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The Pool of Siloam

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Dip into the Pool of Siloam

Location – The southern tip of the City of David

Map Coordinates - 31.771012, 35.234916

Merged Gospels story - 146

In the Gospel of John, chapter 9, there was a man who was born blind. Jesus made clay out of spit and dirt, put it on his eyes, and told the man to wash it off in this pool. When this man washed himself he was instantly healed of his blindness. Afterwards, the Pharisees put the man on trial in the nearby Synagogue of Theodotus, which was just to the northeast of this pool.

The Mural.

There is a mural at this site showing what the Pool of Siloam might have looked like in the first century. The original pool was very large – like a large rectangle – about 225 feet long, and we know that it was here around 700 years before this miracle.

A mural showing the ancient Pool of Siloam.

The Pool.

Where did this large Pool of Siloam get its water? In that day, this was the lowest point of the city of Jerusalem, and there was a spring uphill, called the Gihon Spring, that fed this pool. Sometimes the water level was low. Sometimes it was high, so the stairs around the pool were able to accommodate the ever-changing water levels.

When Jerusalem was destroyed by the Roman army, the first century historian, Flavius Josephus, said that this area was set on fire (Wars of the Jews, book 6, chapter 7:2). At that point, silt and debris started to slide into the pool. Pretty soon it was covered up and totally forgotten. And now, almost 2000 years later, the pool is buried by almost 13 feet of soil.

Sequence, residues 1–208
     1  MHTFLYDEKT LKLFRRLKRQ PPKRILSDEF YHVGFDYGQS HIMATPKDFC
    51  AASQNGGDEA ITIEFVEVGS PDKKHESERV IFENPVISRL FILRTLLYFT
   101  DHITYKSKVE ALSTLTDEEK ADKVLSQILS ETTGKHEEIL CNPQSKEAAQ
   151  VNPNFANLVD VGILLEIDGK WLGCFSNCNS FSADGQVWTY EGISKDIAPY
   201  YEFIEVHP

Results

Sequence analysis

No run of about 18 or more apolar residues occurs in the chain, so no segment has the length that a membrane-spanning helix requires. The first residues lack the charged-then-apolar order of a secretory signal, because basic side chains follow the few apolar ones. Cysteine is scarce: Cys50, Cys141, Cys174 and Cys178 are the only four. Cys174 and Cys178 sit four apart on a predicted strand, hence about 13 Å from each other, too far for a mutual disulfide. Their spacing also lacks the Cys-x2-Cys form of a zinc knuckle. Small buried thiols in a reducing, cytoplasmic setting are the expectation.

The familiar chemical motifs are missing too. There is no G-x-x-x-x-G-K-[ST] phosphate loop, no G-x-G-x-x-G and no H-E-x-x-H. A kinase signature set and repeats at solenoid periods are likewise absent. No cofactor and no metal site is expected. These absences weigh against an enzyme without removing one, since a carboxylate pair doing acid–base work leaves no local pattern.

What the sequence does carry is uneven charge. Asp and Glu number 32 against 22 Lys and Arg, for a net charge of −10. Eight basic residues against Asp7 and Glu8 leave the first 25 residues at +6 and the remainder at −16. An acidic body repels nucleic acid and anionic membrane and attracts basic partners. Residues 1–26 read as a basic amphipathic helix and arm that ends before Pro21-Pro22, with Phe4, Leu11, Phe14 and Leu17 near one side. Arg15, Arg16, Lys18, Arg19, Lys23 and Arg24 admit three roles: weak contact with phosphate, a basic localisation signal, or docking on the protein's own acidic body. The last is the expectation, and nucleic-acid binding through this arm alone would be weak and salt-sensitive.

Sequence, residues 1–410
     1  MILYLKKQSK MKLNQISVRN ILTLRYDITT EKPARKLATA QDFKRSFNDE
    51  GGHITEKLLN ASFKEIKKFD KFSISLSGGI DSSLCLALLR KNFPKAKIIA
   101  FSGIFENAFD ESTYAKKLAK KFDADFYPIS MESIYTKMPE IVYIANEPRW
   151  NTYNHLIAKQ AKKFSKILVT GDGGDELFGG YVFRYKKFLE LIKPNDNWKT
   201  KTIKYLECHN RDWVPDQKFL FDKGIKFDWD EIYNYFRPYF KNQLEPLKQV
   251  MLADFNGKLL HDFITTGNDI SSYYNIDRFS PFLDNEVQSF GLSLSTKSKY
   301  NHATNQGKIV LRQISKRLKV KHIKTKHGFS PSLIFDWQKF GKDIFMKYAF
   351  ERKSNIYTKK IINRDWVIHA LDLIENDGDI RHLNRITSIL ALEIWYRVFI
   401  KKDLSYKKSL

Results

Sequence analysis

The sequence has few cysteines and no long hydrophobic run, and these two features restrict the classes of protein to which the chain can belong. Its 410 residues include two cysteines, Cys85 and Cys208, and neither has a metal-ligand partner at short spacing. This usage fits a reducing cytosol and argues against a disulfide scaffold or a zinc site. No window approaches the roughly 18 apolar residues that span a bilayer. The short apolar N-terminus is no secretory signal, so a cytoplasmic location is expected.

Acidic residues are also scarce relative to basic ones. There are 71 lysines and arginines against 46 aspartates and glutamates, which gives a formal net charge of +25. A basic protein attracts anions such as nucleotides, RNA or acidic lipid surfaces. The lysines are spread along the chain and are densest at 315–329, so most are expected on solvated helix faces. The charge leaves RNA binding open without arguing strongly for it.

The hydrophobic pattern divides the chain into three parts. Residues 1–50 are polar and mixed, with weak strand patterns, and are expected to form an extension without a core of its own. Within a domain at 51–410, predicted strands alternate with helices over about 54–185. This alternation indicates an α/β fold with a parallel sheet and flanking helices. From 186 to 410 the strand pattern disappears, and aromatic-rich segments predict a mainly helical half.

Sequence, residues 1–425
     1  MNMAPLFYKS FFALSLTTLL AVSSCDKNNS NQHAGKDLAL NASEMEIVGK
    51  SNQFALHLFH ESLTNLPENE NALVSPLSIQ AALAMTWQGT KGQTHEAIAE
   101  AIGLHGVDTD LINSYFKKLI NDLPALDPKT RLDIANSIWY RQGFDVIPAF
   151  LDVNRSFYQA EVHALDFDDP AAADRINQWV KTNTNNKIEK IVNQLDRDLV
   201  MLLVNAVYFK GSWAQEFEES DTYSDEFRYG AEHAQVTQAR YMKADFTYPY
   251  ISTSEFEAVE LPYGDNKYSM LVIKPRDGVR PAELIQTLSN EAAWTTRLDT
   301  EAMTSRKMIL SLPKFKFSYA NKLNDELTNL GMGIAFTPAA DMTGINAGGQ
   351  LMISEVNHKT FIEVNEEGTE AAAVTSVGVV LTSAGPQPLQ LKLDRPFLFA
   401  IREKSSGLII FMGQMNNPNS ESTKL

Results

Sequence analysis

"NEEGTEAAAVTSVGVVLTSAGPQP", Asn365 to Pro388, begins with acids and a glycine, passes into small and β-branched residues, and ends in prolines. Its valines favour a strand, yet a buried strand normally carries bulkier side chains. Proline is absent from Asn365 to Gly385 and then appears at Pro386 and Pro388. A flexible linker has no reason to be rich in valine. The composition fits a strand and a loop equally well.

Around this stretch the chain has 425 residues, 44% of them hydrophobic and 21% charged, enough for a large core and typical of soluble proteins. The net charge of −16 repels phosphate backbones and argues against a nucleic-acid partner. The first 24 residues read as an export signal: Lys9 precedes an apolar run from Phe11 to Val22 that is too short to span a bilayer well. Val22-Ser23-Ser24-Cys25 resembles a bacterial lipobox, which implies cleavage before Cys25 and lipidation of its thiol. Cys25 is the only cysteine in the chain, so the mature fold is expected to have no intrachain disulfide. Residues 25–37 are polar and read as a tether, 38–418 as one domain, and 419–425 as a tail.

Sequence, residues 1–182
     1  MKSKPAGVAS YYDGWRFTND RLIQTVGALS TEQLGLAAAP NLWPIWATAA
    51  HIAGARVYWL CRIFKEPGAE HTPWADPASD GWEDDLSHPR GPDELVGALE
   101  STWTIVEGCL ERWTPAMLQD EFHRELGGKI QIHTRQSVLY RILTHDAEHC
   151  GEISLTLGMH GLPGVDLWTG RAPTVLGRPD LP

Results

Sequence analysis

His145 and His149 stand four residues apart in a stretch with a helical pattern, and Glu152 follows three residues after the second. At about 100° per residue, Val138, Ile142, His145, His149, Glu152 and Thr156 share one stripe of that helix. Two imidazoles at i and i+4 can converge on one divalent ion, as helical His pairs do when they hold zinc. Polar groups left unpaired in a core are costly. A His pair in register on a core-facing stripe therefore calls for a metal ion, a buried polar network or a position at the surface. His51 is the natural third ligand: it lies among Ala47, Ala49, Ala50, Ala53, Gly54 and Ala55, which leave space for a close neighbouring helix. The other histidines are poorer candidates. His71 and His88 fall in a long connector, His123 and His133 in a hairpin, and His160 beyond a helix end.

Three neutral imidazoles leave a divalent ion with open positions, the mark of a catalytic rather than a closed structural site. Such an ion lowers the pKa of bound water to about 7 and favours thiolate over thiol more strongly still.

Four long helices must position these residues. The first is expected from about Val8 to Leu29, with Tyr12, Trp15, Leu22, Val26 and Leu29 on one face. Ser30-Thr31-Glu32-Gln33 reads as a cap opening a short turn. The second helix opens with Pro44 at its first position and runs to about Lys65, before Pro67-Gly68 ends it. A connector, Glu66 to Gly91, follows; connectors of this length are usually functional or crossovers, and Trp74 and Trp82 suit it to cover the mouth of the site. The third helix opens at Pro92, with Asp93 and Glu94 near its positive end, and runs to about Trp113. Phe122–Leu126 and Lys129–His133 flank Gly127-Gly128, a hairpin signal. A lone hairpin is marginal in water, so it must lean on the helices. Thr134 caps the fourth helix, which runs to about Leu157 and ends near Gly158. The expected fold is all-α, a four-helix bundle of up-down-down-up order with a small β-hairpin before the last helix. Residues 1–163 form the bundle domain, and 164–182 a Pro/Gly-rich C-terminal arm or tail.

The original small Pool of Siloam.

The Small Pool.

The Gihon Spring still exists, and the water from it still flows down through what is called Hezekiah’s tunnel. It ends up in a smaller pool about 160 feet from the large one that now gathers the water.

Because the large pool totally disappeared from sight, Christians throughout the centuries came to believe that the smaller pool was the original Pool of Siloam. They even built a church there, which was destroyed by the Persians in the year 614 AD. Then, in 2004, some workers were down here repairing a damaged sewage pipe. When they did these large stone steps were discovered. The archaeologists then came in, and they realized that the large pool was the one that the Bible talked about.

Why did Jesus cover a man’s eyes with clay?

There are a couple of theories, and here’s the one that I believe. The Gospel of John says that this man was not healed until he washed the mud off of his own eyes. If Jesus had not made clay, but instead had healed him instantly, the whole scene that played out with the Pharisees in John Chapter 9 would never have occurred. Jesus’ deliberately intended this trial to happen. And the way He did this was by making clay on the Sabbath.

You see, according to the Pharisees, making clay on the Sabbath was forbidden. This rule did not actually come from their Scriptures. It merely came out of their own tradition. Since neither the Bible, nor their tradition had any prohibition regarding healing people of blindness on the Sabbath, Jesus did something that was prohibited by the Pharisees on the Sabbath – making clay. He was baiting them.

But how did Jesus make sure that the Pharisees would become aware of this miracle? Simple. The miracle was performed during the Feast of Tabernacles (John 7:2), and on this day the Pool of Siloam would have been teaming with crowds of people. Local residents at the pool on this day obviously knew this man (John 9:8,9), and Jesus deliberately made him a spectacle, showing up at the pool with both eyes covered with mud. Being brought before the Pharisees was now inevitable.

By putting clay on the man’s eyes Jesus accomplished two goals: (1) He was baiting the Pharisees to engage in a dialogue where this very important Biblical story was conveyed. (2) He was marking the man, whom the onlookers knew was blind from birth, thus making sure that he would soon be in the presence of the Pharisees.

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